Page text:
What effects does it have?

What is it?

Changing your name, title, or gender on your NHS records.

How long does it last?

This is a permanent change but can be done more than once.

More information

Warning

Changing gender marker may affect whether you are invited to important medical screening tests that you still need. Read the whole of this page to ensure you still receive the correct tests.

You can change your name, title, or gender with the NHS at any time you like by telling your GP surgery. If your GP surgery is not happy to do this, you may wish to show your GP the General Medical Council guidance on this issue.

The NHS has multiple different systems that store details about patients. Most of these will be automatically updated when you tell your GP surgery.

Each system is different and able to hold different information about titles (or lack of title) and about the gender of the patient. In most NHS systems there are gender options for not only male and female, but often also a “not specified” marker which may be useful if you do not wish to have male or female recorded.

Usually, when you change your gender marker, you are also assigned a new NHS number.

Screening tests

During your life the NHS will invite you to a number of screening tests for common conditions. As the prevalence of these conditions is different for men and women, some tests only invite people who have “female” on their NHS record, and some tests only invite people who have “male” on their NHS record. This can mean people who have changed their gender marker can invited to the wrong tests for the body parts they have.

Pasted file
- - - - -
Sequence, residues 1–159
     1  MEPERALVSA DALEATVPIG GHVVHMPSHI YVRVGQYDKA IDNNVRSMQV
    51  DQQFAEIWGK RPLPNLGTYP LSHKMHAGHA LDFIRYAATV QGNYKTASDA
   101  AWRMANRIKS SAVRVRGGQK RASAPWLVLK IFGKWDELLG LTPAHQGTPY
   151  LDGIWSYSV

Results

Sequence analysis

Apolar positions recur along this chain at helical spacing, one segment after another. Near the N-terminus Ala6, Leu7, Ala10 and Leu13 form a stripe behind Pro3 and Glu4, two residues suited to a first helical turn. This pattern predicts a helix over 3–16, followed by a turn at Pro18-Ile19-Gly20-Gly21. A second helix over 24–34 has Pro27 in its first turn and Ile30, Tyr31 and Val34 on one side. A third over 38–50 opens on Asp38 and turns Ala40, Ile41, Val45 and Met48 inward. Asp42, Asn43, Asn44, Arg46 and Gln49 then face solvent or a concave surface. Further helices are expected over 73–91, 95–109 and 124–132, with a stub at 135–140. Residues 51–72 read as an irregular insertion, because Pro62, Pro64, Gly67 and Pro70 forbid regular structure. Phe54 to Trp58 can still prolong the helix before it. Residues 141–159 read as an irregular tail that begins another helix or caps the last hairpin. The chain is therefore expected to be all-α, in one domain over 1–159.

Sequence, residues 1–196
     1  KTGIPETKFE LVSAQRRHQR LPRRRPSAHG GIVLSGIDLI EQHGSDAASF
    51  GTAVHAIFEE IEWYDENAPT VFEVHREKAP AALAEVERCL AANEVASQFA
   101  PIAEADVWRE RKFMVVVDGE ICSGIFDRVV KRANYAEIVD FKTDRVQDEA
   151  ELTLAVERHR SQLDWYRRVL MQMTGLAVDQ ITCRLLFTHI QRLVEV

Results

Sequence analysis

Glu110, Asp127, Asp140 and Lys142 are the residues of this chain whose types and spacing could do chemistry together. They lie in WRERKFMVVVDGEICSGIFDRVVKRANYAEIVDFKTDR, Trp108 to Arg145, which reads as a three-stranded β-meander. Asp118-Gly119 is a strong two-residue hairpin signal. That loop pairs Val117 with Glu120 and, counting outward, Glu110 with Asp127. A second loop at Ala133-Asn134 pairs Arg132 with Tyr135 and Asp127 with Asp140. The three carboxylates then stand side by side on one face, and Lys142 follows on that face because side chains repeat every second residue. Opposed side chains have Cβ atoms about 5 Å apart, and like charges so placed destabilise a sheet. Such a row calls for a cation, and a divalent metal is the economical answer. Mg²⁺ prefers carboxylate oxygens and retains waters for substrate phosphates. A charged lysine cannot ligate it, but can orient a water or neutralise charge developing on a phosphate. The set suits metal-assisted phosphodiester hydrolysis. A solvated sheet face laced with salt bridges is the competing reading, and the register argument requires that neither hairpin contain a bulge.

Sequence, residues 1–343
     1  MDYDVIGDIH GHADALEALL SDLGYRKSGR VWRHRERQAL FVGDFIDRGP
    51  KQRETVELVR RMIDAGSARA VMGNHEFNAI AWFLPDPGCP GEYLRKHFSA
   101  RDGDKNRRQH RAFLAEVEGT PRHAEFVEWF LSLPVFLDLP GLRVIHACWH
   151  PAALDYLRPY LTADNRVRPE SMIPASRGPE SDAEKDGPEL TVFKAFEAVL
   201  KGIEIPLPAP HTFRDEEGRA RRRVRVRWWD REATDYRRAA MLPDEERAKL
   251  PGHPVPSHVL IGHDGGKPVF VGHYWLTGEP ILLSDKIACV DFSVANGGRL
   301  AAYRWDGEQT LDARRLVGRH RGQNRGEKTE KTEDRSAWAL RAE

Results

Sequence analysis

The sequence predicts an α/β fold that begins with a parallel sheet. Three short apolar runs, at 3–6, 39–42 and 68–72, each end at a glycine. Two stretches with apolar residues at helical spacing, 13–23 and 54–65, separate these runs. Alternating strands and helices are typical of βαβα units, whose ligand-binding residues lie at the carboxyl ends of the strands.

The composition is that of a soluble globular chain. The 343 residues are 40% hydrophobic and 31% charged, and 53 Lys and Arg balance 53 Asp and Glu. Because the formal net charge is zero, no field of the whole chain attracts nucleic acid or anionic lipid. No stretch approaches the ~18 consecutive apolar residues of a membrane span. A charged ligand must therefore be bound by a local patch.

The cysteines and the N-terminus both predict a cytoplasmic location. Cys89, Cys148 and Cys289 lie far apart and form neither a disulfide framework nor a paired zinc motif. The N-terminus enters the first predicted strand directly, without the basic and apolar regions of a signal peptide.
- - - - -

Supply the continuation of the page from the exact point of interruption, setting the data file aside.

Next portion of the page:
When you change your NHS gender marker, you should remember that you may not receive reminders for the tests you need, and may have to ask for them yourself. You can read about which screening tests you will need in this NHS booklet

There is further information available about screening tests and changing gender marker on the NHS Wales website and the NHS Brighton and Hove website.

Errors and omissions

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Page last updated: April 2018